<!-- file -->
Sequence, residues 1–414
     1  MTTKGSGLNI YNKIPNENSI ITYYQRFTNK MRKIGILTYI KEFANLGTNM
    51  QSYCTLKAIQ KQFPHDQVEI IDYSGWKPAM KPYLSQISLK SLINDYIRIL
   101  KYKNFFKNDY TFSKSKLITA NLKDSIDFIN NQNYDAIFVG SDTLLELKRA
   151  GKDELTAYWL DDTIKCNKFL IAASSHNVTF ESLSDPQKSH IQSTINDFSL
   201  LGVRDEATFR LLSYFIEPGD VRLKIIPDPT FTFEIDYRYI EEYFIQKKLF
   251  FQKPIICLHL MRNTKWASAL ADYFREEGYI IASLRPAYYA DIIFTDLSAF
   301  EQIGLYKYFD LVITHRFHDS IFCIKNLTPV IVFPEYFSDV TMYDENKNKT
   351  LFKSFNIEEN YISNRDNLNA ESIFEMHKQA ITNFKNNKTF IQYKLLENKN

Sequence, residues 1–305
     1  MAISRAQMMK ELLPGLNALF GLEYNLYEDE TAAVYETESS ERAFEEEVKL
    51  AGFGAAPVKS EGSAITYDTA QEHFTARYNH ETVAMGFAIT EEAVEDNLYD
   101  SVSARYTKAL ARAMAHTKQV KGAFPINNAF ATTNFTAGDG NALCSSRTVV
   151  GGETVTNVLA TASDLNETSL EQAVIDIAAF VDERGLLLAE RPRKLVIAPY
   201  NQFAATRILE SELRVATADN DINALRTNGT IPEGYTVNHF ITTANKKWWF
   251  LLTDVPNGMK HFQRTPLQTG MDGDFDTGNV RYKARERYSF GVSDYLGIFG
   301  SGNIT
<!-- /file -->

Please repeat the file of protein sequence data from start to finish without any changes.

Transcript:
Sequence, residues 1–414
     1  MTTKGSGLNI YNKIPNENSI ITYYQRFTNK MRKIGILTYI KEFANLGTNM
    51  QSYCTLKAIQ KQFPHDQVEI IDYSGWKPAM KPYLSQISLK SLINDYIRIL
   101  KYKNFFKNDY TFSKSKLITA NLKDSIDFIN NQNYDAIFVG SDTLLELKRA
   151  GKDELTAYWL DDTIKCNKFL IAASSHNVTF ESLSDPQKSH IQSTINDFSL
   201  LGVRDEATFR LLSYFIEPGD VRLKIIPDPT FTFEIDYRYI EEYFIQKKLF
   251  FQKPIICLHL MRNTKWASAL ADYFREEGYI IASLRPAYYA DIIFTDLSAF
   301  EQIGLYKYFD LVITHRFHDS IFCIKNLTPV IVFPEYFSDV TMYDENKNKT
   351  LFKSFNIEEN YISNRDNLNA ESIFEMHKQA ITNFKNNKTF IQYKLLENKN

Sequence, residues 1–305
     1  MAISRAQMMK ELLPGLNALF GLEYNLYEDE TAAVYETESS ERAFEEEVKL
    51  AGFGAAPVKS EGSAITYDTA QEHFTARYNH ETVAMGFAIT EEAVEDNLYD
   101  SVSARYTKAL ARAMAHTKQV KGAFPINNAF ATTNFTAGDG NALCSSRTVV
   151  GGETVTNVLA TASDLNETSL EQAVIDIAAF VDERGLLLAE RPRKLVIAPY
   201  NQFAATRILE SELRVATADN DINALRTNGT IPEGYTVNHF ITTANKKWWF
   251  LLTDVPNGMK HFQRTPLQTG MDGDFDTGNV RYKARERYSF GVSDYLGIFG
   301  SGNIT